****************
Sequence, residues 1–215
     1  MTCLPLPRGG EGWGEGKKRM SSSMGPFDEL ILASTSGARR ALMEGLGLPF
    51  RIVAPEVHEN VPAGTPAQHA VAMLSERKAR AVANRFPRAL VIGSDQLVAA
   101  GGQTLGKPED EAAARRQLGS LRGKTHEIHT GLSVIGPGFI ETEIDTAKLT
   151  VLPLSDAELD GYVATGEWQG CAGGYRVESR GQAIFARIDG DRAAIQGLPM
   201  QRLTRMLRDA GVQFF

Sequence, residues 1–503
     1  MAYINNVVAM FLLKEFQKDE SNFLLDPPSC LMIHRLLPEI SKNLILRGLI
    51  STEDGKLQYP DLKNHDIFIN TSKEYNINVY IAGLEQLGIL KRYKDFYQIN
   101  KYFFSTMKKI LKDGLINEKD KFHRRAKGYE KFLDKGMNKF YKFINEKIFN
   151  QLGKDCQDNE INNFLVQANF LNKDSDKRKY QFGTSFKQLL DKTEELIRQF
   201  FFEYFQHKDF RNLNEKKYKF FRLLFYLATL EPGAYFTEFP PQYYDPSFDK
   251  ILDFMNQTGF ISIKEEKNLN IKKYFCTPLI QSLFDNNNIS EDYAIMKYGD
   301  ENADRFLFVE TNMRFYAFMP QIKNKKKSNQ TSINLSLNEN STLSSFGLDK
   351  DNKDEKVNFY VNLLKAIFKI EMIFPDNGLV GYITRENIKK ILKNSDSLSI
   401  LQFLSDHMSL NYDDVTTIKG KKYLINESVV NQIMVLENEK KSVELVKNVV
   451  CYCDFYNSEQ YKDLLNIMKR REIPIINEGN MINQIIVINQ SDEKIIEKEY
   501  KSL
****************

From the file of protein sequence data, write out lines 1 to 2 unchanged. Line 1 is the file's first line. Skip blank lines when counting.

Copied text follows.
Sequence, residues 1–215
     1  MTCLPLPRGG EGWGEGKKRM SSSMGPFDEL ILASTSGARR ALMEGLGLPF